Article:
Research Article: Primary infection by Pneumocystis induces Notch-independent Clara cell mucin production in rat distal airways

Date Published: June 6, 2019

Publisher: Public Library of Science

Author(s): Andrea Méndez, Diego A. Rojas, Carolina A. Ponce, Rebeca Bustamante, Caroll J. Beltrán, Jorge Toledo, Victor A. García-Angulo, Mauricio Henriquez, Sergio L. Vargas, Y. Peter Di.


Clara cells are the main airway secretory cells able to regenerate epithelium in the distal airways through transdifferentiating into goblet cells, a process under negative regulation of the Notch pathway. Pneumocystis is a highly prevalent fungus in humans occurring between 2 and 5 months of age, a period when airways are still developing and respiratory morbidity typically increases. Pneumocystis induces mucus hyperproduction in immunocompetent host airways and whether it can stimulate Clara cells is unknown. Markers of Clara cell secretion and Notch1 activation were investigated in lungs of immunocompetent rats at 40, 60, and 80 days of age during Pneumocystis primary infection with and without Valproic acid (VPA), a Notch inducer. The proportion of rats expressing mucin increased in Pneumocystis-infected rats respect to controls at 60 and 80 days of age. Frequency of distal airways Clara cells was maintained while mRNA levels for the mucin-encoding genes Muc5B and Muc5ac in lung homogenates increased 1.9 and 3.9 times at 60 days of infection (P. = 0.1609 and P. = 0.0001, respectively) and protein levels of the Clara cell marker CC10 decreased in the Pneumocystis-infected rats at 60 and 80 days of age (P. = 0.0118 & P. = 0.0388). CC10 and Muc5b co-localized in distal airway epithelium of Pneumocystis-infected rats at day 60. Co-localization of Muc5b and Ki67 as marker of mitosis in distal airways was not observed suggesting that Muc5b production by Clara cells was independent of mitosis. Notch levels remained similar and no transnucleation of activated Notch associated to Pneumocystis infection was detected. Unexpectedly, mucus was greatly increased at day 80 in Pneumocystis-infected rats receiving VPA suggesting that a Notch-independent mechanism was triggered. Overall, data suggests a Clara to goblet cell transdifferentiation mechanism induced by Pneumocystis and independent of Notch.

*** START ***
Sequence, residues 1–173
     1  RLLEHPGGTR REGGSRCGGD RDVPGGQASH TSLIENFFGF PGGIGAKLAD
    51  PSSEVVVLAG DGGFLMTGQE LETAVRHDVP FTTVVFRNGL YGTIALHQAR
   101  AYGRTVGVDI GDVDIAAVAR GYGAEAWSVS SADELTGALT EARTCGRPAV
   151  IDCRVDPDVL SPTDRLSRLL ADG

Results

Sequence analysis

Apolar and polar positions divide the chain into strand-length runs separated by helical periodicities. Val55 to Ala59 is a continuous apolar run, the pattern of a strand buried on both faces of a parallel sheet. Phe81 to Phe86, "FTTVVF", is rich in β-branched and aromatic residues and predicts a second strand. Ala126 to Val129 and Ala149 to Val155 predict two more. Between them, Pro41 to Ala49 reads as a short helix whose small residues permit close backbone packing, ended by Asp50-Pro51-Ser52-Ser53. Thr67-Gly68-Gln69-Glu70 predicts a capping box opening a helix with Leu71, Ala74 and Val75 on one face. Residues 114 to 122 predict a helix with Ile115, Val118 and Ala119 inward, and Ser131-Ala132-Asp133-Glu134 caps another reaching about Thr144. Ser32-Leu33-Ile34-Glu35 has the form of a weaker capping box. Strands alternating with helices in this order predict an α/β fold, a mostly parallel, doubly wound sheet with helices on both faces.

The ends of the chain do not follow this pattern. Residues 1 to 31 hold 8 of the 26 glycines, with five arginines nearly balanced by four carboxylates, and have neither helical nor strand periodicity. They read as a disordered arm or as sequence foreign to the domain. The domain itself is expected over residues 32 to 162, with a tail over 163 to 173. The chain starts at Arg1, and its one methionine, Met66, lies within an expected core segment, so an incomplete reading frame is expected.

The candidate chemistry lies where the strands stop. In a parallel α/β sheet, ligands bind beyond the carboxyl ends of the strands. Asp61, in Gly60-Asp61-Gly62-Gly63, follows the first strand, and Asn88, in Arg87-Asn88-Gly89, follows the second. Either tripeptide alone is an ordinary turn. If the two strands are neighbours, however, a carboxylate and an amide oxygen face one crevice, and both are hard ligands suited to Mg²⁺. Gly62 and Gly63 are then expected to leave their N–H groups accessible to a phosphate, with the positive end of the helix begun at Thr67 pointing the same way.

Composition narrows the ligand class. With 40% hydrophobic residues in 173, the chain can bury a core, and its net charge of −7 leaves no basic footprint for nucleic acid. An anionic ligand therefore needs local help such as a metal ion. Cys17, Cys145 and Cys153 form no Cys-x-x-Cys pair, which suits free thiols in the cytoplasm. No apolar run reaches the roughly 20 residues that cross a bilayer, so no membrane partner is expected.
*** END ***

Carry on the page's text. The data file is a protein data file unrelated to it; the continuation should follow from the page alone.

Partial Text

Clara or Club cells are a group of epithelial cells in the airway which secrete Clara Cell Secretory Protein (CCSP or CC10)[1]. They are the most abundant cells in the airway of rodents (57%)[2] and their proportion may vary among different species. In humans, Clara cells represent 22% of epithelial cells in distal airway, the location where they are more abundant[3]. Clara cells have functions in immune response, metabolism of toxic substances and epithelial regeneration[4–6]. Moreover, these cells are considered the major Transit Amplifying (TA) cell population in the airway epithelium, which regenerate epithelial cells in normal lungs as has been documented after a lung injury in mice[4].

The first part of this work documented an increase in the proportion of rats with epithelial mucins in distal airway observed in the day 60 and 80 of infection, before the point of highest burden of Pneumocystis occurring after 80 days in a previous model of primary Pneumocystis infection [26]. The present results are similar to previous studies in showing increase in epithelial mucins in the day 60 of infection by Pneumocystis[26]. Of note, distinct niches of murine airway epithelial cells may express different mucus markers [37] and may also explain differences in mucin expression between rat studies that study different sections of the lung [37]. This study focuses in distal airways with diameter 50–250 μm and previous studies showed mucins or mucus in total airways [25, 26, 28]. Pathological changes in distal airways are relevant to study because obstruction of this region affects the distribution of ventilation and may lead to small airway closure [38]. Methacholine sensitivity has been explored in immunocompetent mice sensitized with OVA and infected with Pneumocystis via the intratracheal route and document that this fungus impressively increases airway sensitivity to methacholine [25, 39]. This increase is comparable to the effect of the common allergen House Dust Mite [25]. Whether this effect occurs in rats spontaneously infected with Pneumocystis or other mammals in addition to mice has not been determined. The level of epithelial mucins observed in this study was lower to that of previous studies by our group [26], and this difference can be attributed to variations in the timing of greater mucin induction. This timing may vary between models of primary infection that use the aerial route of natural contagion without a fixed inoculum as occurs with Pneumocystis infection in infants.




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